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Cocktail conversation on CES party circuit: Washington, tech policy

In a penthouse suite at the Planet Hollywood hotel in Las Vegas, a designer denim- and black t-shirt-clad crowd of online entertainment and video executives and developers shook hands and exchanged cards and Twitter handles. They also talked about how their future rests largely with the Federal Communications Commission.

The event was a party by Internet television provider Boxee on the eve of the Consumer Electronics Show. And while the guests came from Los Angeles, New York and Tel Aviv, many seemed well-versed in some of Washington’s biggest tech policy issues.

Tim Street is the CEO of Ape Digital, a Pasadena, Calif.-based company that produces online videos. He’s been watching the FCC’s moves to develop a net neutrality policy that he said is important to keep the Web open like it is today so that applications like his can thrive.

“I’ve been following because I know where my bread is getting buttered,” Street said. “I can see a scenario where the 200-plus lobbyists that are fighting against net neutrality can make it so that independent online video content creators won't be able to afford an entrance fee onto the Web.”

Street said he is concerned about trends in the cable and satellite industry to extend their current models onto the Web. He said he is concerned about TV Everywhere, a strategy by Comcast and other cable and satellite providers to bring online content to only their subscribers of Internet and cable service.

“This is a closed system and it’s unclear how new video can get on to this system,” Street said.

Steve Harnesberger, vice president of business development for Jaman, has been working in the streaming video industry for about a decade. Back then, it was difficult to get consumers to watch their videos over their computers. But it was also hard to get carriers to support such services from startups.

“We’re still fighting the good fight, but it's still the land of the giants,” Harnesberger said.

He said potential interest by carriers such as AT&T, Verizon and Comcast to charge by how much bandwidth a user consumes is bad for consumers and could slow demand for video, which consumes the most bandwidth.

Harnesberger said the business motivation is for cable and telecom carriers to get extra revenue from bandwidth usage that they would be losing from consumers who cut the cord of cable television services for only broadband Internet.

The only reason why more people aren’t cutting the cord for television services is because they want to get their news and sports over cable and satellite, he said. That’s why Comcast wants to own more content through its merger with NBC Universal, Harnesberger said.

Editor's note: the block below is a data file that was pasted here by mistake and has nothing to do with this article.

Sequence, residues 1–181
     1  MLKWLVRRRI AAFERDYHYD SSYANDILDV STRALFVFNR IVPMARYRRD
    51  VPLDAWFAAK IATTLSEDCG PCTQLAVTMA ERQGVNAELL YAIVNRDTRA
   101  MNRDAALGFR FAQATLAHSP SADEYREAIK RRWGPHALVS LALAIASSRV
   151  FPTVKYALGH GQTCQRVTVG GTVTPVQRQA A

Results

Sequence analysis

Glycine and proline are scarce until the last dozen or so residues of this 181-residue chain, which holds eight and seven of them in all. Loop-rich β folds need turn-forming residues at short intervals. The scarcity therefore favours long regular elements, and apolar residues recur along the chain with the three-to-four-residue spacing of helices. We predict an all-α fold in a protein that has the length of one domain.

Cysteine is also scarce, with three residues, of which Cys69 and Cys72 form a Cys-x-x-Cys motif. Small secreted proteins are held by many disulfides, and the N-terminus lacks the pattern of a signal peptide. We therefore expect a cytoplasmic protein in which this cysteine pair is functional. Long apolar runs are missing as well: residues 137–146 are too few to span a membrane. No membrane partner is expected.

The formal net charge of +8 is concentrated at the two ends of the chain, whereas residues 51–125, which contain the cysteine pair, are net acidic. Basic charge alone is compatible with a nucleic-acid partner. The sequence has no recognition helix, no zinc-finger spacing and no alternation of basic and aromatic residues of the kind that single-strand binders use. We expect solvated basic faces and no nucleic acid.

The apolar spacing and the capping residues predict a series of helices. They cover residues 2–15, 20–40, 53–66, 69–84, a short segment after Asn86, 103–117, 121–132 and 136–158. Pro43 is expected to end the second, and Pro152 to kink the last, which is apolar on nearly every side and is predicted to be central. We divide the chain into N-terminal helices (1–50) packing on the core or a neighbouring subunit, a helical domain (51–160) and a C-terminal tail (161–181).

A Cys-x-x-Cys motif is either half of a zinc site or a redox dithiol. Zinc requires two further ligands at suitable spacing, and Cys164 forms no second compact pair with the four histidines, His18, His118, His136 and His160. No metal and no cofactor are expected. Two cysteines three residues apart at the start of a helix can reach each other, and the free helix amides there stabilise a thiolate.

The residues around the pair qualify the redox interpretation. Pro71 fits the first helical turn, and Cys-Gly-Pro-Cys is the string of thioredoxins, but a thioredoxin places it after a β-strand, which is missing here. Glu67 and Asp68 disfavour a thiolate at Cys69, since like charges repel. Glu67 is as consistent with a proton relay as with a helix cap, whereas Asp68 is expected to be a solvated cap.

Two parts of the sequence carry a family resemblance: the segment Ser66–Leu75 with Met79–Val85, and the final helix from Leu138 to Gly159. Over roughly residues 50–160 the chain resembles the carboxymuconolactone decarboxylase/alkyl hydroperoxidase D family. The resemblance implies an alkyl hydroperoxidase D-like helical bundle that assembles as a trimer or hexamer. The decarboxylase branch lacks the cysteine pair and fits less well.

But by putting so much content into the hands of the nation’s biggest cable and Internet operator raises concerns over how Comcast would treat its content over others and if it would treat unfairly competitors such as Netflix and Hulu by prioritizing their own online video distribution over theirs.

“This bears careful scrutiny,” Harnesberger said.

By Cecilia Kang  |  January 7, 2010; 7:00 AM ET
 
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Comments

Like so many of Cecilia Kang's writings for the Washington Post (which, IMHO, should dismiss her for conflicts of interest and violations of journalistic ethics), this posting pushes the agenda of Google -- whose ads and logos appear on this page -- rather than presenting the facts.

The fact is that Google, which makes money from advertising, stands to benefit if neither ISPs nor creators of content make money. Google would like ISPs to become profitless deliverers of its ads (hence, maximizing Google's revenues). Google would also like to ensure that content providers -- like Cecilia -- become wholly dependent upon it for their revenues. (Google, already has a monopoly on online advertising.)

At that point, Google would be the ultimate gatekeeper. It would able to determine -- via what it decided to sponsor -- what the public saw and what it did not, and which content creators succeeded and which ones failed.

In short, content creators have quite a lot to fear from Google, and very little to fear from ISPs, which would lose business to competitors immediately if THEY began to filter content.

Google's push for "network neutrality" regulation is part of its plan to achieve this gatekeeper status and to prevent ISPs from thwarting its drive toward control of the Net. This is why it's so disturbing to see that the Washington Post is doing nothing about Cecilia's constant bias toward Google's agenda in her postings and news articles. Could it be that the Post, most of whose online ads are supplied by Google, already feels that it dare not cross Google for fear of retribution?

Posted by: squirma | January 7, 2010 1:39 PM | Report abuse

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